Hard to believe how fresh these guys are able to sound 38 years after their first album.
I had not great expectations about this one. Based on the two previous studio albums, I just awaited another "Rush by numbers" work. I mean: powerful, hard hitting and masterfully executed, but not especially inspired.. I liked Snakes and Arrows a bit more than Vapor Trails, but somehow the spirit of old Rush' golden era (let's say the one that flew over A Farewell to Kings, Hemispheres, Permanent Waves and Moving Pictures) seemed to be forever gone.
A digression here : Vapor Trails, especially, is a quite tiresome album to me. It stays a bit to much in the low frequency sonic spectre: too much bass guitar, to much bass drum, and too much guitar power chords, not properly equilibrated by other sonic and musical ingredients, which makes it a hard task to listen to it, from beginning to end, without taking a break. Snakes and Arrows, while walking the same sonic territory as V.T., was more varied and dynamic, and I found it more enjoyable. Not bad albums to my taste, but not exciting enough.
Clockwork Angels, however, is gifted with a different nature. It is tremendously fresh, vital and captivating, and makes me recall the best years of the band. Yes, Rush look younger than yesterday, playing with enthusiasm a set of convincing songs. Nothing to do with (like someone could fear), a tired old group. There are no fillers in this album. It is a concept album equipped with its proper organic quality. From the beginnig, the listener is propelled by an exciting, dynamic music, feeling the need to know how the story goes.
As I said it is a concept album, based on a sci-fi story. There is a "perfectly organized" world where people are instilled to not to think by themselves and to be content with their destiny ( Planet Earth, year whatever, I guess) . The album tells the adventures and reflections of an inconformist young man during his quest for truth.
Compared to previous albums, I find that Neil Peart's drums playing is a bit more restrained, and that the drums are not so loud in the mix . Just a matter of nuances; don't worry, Neil Peart is still there and you can hear and enjoy his playing .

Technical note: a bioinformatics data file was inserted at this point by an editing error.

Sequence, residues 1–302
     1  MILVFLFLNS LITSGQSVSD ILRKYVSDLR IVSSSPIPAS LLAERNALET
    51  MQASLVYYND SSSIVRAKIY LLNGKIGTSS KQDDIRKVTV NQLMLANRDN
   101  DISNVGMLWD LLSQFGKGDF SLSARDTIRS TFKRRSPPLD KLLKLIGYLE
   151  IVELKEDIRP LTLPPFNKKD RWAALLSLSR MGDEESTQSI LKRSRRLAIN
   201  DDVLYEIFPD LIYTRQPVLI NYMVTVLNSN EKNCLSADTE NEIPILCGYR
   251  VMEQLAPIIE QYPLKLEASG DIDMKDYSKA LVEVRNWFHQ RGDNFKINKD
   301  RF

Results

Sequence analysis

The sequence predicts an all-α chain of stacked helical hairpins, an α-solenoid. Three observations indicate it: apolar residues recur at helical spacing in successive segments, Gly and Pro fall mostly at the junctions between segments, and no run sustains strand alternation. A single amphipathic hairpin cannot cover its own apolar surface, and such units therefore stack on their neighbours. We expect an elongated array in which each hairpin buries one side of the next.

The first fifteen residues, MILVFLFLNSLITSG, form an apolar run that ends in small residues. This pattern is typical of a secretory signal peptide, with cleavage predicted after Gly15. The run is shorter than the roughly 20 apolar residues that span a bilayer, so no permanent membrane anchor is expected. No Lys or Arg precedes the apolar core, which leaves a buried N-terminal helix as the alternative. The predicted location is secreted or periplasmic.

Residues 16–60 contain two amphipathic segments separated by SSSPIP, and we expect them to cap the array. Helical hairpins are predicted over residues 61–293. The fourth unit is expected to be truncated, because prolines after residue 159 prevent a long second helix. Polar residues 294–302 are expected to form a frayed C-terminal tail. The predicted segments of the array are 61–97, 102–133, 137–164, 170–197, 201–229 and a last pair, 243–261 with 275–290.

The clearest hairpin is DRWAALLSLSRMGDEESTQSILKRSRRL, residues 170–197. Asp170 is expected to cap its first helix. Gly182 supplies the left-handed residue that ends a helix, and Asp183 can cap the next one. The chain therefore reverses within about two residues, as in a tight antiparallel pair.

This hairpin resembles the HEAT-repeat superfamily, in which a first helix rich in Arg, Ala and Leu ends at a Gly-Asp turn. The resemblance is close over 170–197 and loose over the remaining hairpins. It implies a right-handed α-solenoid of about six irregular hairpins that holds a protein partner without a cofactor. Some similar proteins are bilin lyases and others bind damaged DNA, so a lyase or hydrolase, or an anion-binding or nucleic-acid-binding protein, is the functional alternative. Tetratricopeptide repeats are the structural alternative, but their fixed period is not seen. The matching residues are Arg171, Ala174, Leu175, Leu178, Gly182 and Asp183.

Geddy Lee's voice is in good form, and maturity has made him gain expresiveness. The bass sounds hugely powerful but very defined and clear too.
Lifeson `s guitar makes also a quite restrained job (at least not prodigal in solos), but the instrument has a killer full tone, and the playing is very expressive and piercing when strictly necessary.
The whole album sounds clear and well defined even at a low volume (a quality that was not shared by Vapor Trails and Snakes and Arrows).
1. Caravan - Is Rush in pure and best form. Intricate rhythms, guitar riffs, catchy chorus (" I can't stop thinking big ") A
statement of purposes. It ends with a beautiful reflective passage a la Pink Floyd, where acoustic and electric guitar
with tremolo effect take command.
2. Bu2B - Another classic Rush tour the force rocker propelled by mighty drums. "We were taught that we lived in the best of
all possible worlds".
3. Clockwork angels - Rush trademark intricate, fierce ternary tempo. Wonderful guitar solo.
The pedlar 1 - Short instrumental integrated at the end of Clockwork angels. Old (and all) time Rush.
4. The anarchist - Another powerful rocker, where the rebel anarchist character is introduced. Strings and guitar solo with
a northern africa/arab flavour (a la Page&Plant).
5. Carnies - The rock goes on. The young man's fate changes since his encounter with the anarchist.
6. Halo effect - A nice ballad about following false illusions. Beautifuly sung by Lee. Short enough (3:14) so the
trepidant pace of the album is not left for too long.
7. Seven cities of gold - Another uptempo heavy rocker with catchy chorus. High pitched Lee's vocals recalling older works.
8. The wreckers - It begins with an openly pop a la Byrds intro, rapidly changing into a minor key melody. This could be a
rather "radio friendly"song, despite its serious, sour matter: "All I know is that sometimes the truth is
contrary/everything in life you thought you knew". All along the song there is a constant contrast between the a-la Byrds
and dramatic character passages, so the result is melodically varied and appealing.
9. Headlong Flight - A killer epic, vaguely reminiscent of Iron Maiden. Our hero declares he would not change anything he did
("I learned to fight, to love, to feel")
10. Bu2B2 - Short mature bittersweet reflections by Lee & strings only.
11. Wish them well - This is the most pop oriented song in the album, almost in a Paul McCartney's style (no joke) , except
for another piercing solo by Lifeson. It makes sense considering the positive message: the benefit of not keeping anger
and grudges in our hearts
12. The garden - Masterful slow tempo with another positive, mature declaration of principles: "The measure of a life is a
measure of love and respect / ... / A garden to nurture and protect". Strings intro, acoustic guitars, and, from the
4:30, a beautiful, emotive crescendo that soars high for a perfect album's end.